Let’s take a look at the difference between isotonic, hypertonic, and a hypotonic solution. To begin with, it’ll be helpful to know the difference between a solvent and a solute. Let’s look at an example, a cup of coffee. The solvent is what the solute is dissolved into. The water is the solvent and the cream, sugar, and coffee are solutes.

solute solvent

An isotonic solution means it has equal strength. Iso means equal and tonic means strength. The solute and the solvent will travel in and out of the cell equally and the cell will stay the same. 


A hypertonic solution has above strength. Hyper means above, and tonic means strength. If you have a cell with a higher concentration of solvent inside the cell, the solution is hypertonic, and the solvent travels out of the cell and the cell will shrink. The solvent always travels from high concentration to low concentration.


 Now hypotonic means below strength. It consists of hypo meaning below, and tonic meaning strength. If you have a cell with very little solute outside the cell and a higher concentration of solvent outside the cell the solution inside the cell will be hypotonic and the solvent will flow into the cell. Remember solvent travels from  high to low concentration and the cell will expand.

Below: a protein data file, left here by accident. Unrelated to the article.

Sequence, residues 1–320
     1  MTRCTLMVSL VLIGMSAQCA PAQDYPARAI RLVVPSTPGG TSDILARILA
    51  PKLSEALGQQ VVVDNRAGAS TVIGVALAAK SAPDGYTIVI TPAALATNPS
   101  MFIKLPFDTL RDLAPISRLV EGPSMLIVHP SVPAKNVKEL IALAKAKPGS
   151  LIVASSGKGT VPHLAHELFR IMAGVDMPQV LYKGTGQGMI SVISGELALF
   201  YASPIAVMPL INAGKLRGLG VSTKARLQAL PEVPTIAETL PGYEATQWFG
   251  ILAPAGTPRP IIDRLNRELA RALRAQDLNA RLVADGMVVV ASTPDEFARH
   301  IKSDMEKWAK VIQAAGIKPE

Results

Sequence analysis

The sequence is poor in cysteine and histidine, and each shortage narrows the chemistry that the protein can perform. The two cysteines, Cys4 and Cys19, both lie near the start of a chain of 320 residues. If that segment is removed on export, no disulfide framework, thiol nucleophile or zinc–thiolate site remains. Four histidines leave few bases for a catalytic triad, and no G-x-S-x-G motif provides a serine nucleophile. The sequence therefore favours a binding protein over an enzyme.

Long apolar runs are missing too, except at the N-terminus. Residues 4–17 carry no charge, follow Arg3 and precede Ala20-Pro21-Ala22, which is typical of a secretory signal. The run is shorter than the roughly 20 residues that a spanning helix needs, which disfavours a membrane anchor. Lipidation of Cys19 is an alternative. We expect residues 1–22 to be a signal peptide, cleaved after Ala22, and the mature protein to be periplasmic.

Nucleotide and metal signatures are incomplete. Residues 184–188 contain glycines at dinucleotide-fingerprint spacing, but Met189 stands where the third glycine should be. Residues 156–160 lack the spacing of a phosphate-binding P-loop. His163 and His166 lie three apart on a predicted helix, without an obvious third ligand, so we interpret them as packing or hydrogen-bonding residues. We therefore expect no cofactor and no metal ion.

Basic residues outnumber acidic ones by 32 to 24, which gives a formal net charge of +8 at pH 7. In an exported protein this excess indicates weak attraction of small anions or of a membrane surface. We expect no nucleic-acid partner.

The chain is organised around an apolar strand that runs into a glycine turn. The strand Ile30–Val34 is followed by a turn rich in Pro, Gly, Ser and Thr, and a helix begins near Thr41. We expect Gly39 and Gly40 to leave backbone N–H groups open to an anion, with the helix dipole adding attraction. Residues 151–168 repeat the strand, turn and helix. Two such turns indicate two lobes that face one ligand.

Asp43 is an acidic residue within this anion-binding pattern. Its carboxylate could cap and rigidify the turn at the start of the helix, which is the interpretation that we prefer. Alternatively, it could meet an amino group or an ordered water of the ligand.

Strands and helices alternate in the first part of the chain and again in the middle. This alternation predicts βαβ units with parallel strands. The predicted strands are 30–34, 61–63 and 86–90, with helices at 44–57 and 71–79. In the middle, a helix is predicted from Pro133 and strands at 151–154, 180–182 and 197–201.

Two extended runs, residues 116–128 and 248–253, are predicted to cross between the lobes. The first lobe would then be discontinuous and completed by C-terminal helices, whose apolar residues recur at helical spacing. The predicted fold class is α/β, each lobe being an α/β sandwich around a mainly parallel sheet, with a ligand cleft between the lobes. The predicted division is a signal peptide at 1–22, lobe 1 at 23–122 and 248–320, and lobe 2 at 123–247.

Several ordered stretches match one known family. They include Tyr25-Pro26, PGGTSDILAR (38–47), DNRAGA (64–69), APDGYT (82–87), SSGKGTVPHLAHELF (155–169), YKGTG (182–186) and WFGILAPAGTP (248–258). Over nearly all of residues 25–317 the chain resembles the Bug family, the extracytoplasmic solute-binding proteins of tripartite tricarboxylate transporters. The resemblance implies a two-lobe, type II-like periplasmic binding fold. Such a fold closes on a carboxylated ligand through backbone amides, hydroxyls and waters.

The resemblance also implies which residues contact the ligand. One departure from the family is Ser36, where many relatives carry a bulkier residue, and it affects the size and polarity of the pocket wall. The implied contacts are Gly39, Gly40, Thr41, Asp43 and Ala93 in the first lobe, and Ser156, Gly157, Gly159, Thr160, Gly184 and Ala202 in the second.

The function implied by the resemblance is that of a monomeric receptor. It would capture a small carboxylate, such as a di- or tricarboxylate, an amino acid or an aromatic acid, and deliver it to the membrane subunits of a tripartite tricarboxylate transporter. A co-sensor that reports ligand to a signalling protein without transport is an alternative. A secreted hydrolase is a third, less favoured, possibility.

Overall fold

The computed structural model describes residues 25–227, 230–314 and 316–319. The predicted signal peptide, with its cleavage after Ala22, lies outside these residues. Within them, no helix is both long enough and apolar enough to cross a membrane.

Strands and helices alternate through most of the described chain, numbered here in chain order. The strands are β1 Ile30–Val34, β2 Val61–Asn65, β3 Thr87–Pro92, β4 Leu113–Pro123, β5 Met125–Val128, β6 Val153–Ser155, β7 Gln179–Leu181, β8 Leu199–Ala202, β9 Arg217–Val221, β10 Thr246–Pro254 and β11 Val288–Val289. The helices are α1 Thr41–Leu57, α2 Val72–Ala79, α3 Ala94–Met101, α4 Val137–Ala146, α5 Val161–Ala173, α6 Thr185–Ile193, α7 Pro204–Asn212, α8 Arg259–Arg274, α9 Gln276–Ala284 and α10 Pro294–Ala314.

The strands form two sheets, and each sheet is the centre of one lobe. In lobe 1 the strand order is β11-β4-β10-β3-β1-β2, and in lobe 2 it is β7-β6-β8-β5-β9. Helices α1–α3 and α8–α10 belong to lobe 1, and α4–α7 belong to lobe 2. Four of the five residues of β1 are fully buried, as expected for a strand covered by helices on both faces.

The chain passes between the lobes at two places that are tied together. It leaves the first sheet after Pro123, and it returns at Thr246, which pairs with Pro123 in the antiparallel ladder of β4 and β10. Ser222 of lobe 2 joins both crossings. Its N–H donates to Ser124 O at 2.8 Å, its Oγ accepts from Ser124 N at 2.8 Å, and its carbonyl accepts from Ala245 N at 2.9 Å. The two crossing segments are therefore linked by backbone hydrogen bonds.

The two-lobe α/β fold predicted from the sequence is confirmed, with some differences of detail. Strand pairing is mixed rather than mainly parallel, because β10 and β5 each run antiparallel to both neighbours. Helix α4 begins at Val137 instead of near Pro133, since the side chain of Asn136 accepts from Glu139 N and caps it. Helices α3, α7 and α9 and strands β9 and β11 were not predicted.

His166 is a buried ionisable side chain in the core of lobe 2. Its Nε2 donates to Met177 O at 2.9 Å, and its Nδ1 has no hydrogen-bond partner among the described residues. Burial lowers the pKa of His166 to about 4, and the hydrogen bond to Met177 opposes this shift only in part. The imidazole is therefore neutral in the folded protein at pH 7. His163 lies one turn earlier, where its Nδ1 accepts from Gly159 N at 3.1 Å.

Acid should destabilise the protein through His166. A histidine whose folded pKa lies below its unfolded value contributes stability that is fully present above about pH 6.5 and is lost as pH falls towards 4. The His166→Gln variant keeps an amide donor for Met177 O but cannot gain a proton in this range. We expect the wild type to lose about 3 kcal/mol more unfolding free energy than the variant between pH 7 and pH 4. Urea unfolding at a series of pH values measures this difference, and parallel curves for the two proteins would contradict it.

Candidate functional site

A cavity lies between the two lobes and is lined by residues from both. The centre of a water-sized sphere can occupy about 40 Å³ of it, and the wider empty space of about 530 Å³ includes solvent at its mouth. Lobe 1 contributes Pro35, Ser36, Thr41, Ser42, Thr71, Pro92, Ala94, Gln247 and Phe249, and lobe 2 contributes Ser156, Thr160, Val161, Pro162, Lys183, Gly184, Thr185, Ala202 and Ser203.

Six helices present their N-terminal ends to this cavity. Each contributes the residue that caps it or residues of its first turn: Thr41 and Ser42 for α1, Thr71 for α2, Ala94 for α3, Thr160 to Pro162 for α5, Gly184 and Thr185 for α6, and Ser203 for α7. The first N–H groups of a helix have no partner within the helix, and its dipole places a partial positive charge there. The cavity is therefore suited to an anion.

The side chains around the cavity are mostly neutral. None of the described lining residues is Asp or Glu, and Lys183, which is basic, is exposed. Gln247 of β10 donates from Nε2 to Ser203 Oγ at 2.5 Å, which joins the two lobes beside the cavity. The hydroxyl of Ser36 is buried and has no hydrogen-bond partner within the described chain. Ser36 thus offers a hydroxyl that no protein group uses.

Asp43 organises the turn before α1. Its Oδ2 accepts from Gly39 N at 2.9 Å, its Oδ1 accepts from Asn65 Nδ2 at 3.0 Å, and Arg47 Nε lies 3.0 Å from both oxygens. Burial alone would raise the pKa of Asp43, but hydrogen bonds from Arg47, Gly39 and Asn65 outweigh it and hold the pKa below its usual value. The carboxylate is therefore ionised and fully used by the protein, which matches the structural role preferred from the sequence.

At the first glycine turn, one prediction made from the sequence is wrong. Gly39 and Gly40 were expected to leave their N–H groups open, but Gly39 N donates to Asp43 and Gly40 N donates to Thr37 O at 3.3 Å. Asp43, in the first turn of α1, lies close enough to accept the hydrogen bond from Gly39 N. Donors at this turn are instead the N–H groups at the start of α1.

So in summary, isotonic is equal, hypertonic is above, and hypotonic is below.


In a solution, the solute is the substance that is dissolved in the solvent. The solvent is the substance that does the dissolving.

Some key differences between solutes and solvents include:

  • Solute:
    • Is present in a smaller amount than the solvent
    • Is usually a solid, liquid, or gas
    • Can be dissolved in a variety of solvents
  • Solvent:
    • Is present in a larger amount than the solute
    • Is usually a liquid or gas
    • Can dissolve a variety of solutes

Examples of solutes and solvents:

  • Solute: salt, sugar, baking soda
  • Solvent: water